Not sure when it's time to change tires on your car? Not for the season, but because the tires have done their thing and are run out? Or do you want to be able to take the EV for a longer trip but get sweaty at the mere thought of having to think about where the nearest charging station is?
These troubles belong to the past. Or should do, if you interpret Jon Allen correctly. Allen has just shouldered the role as Director for the newly launched "Automotive" practice from Amazon Web Services, AWS.
Aurora + AWS = true
At the recent AWS conference re: Invent, innovations in several areas have been in focus, not least on transportation. A lot is happening. The big news is that Aurora, active in self-driving technology, is teaming up with AWS to develop its "Aurora Driver" using the AWS cloud.
Aurora Driver consists of sensors that perceive the world, software that plans a safe route, and a computer connecting everything with the vehicle itself. Aurora Driver is designed to be used for all types of vehicles.
The AWS cloud will help Aurora Driver to be tested and further developed in various ways and be able to store the large amounts of information that real-world driving tests generate. In addition, up to 12 million driving simulations a day are planned with the support of AWS virtual test centers before the end of the year.
An advantage of the cloud is, among other things, that it is possible to develop and update self-driving vehicles ever faster. AWS IoT FleetWise collects data from manufacturers that form the basis for applications that can then assist in remote diagnosis and troubleshooting individual vehicles and analyze entire vehicle fleets to prevent vehicles from having to be recalled.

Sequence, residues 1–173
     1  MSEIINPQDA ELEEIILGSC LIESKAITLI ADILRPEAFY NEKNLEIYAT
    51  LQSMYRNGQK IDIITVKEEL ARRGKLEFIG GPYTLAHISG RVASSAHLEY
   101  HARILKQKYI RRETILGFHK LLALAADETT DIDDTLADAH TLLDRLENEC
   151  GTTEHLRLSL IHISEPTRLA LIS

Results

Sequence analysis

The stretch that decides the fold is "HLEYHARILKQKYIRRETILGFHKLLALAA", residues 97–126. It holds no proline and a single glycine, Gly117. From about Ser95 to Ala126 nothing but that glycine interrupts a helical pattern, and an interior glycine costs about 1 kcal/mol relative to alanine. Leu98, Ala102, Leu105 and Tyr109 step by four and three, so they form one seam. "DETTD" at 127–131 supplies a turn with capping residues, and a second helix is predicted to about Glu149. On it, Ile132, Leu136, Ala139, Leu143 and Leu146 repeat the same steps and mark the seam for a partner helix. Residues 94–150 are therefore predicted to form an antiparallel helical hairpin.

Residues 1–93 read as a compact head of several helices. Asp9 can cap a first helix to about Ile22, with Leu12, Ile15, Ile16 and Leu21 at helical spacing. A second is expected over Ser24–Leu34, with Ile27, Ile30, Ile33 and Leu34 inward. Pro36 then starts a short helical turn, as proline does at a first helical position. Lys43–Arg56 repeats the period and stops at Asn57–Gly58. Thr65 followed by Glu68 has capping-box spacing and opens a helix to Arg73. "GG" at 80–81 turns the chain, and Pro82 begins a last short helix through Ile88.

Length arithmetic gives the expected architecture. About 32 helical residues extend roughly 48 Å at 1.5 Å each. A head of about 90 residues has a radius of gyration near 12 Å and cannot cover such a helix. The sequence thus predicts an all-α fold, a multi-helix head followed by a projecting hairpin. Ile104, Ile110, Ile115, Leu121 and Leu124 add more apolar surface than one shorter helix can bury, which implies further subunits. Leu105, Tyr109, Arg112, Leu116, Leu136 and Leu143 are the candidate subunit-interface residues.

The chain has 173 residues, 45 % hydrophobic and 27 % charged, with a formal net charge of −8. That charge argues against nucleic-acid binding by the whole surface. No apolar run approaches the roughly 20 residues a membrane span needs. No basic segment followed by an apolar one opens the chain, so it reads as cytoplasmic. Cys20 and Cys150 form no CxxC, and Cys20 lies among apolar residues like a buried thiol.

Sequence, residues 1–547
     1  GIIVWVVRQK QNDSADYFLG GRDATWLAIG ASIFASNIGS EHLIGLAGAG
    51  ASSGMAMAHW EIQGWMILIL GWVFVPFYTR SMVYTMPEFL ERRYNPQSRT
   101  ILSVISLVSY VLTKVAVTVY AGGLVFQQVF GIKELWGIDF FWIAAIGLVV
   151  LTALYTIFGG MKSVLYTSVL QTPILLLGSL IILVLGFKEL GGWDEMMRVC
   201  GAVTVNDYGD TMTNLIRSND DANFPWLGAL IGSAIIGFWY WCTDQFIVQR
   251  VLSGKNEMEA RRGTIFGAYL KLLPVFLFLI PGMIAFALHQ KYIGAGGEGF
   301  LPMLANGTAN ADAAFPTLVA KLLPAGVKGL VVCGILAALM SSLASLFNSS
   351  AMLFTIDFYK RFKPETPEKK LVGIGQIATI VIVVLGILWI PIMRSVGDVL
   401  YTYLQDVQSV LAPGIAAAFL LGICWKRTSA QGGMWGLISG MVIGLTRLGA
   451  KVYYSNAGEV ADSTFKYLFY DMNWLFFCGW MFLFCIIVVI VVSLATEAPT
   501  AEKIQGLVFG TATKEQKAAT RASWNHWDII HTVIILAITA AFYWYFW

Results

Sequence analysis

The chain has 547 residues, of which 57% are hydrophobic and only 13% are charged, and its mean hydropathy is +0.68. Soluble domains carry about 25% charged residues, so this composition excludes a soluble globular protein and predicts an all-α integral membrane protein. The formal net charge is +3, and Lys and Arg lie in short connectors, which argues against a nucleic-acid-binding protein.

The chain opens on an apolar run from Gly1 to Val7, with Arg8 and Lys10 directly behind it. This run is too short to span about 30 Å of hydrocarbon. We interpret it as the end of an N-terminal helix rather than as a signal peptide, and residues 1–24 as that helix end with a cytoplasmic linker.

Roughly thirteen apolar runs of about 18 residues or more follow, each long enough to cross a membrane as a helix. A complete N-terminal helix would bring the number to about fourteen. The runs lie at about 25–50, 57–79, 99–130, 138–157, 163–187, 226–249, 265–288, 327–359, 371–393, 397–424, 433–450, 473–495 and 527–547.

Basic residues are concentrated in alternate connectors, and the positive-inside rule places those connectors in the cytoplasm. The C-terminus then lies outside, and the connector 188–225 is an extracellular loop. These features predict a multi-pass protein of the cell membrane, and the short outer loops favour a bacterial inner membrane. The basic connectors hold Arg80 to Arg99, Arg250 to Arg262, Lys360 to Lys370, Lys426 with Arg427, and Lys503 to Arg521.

Self-driving vehicles impossible without the cloud
Jon Allen describes how cloud technology is a prerequisite for the leap now being taken in the autonomous field.
"Autonomous technology is extremely complex. It would not be possible without the cloud."
Even as far down as the level of the individual private user, the extensive data collection means that it becomes easier to be a car owner. And at the same time get more of a direct relationship with the car manufacturers.
"I now receive messages directly on the phone that says it's time to come into the workshop, your right tire needs to be fixed, and such."
Fears that it would become increasingly challenging to handle even more technology in the cars, as they become more computer-like, are quickly refuted by Jon Allen.
"On the contrary, it is becoming easier for drivers. My father, for example, turns on his smartphone in the car, and then it's done. In fact, you do not need as much knowledge about the vehicle anymore since the cloud is there as support."
More environmentally friendly travel
The cloud also means that it becomes easier to plan your driving, making travel more environmentally friendly, says Jon Allen.
"Now it is possible to make an entire route based on where there are charging stations, so you do not have to drive around and look for chargers, says Jon Allen, who sees in front of him how more different needs and offers can be integrated into this."
When you refuel, you may also need to refill with coffee. This will be a development for companies to gather and offer more things at the same time. Maybe a Starbucks is needed at the charging station, Allen exemplifies.
Only the imagination limits what the driving of the future may look like.
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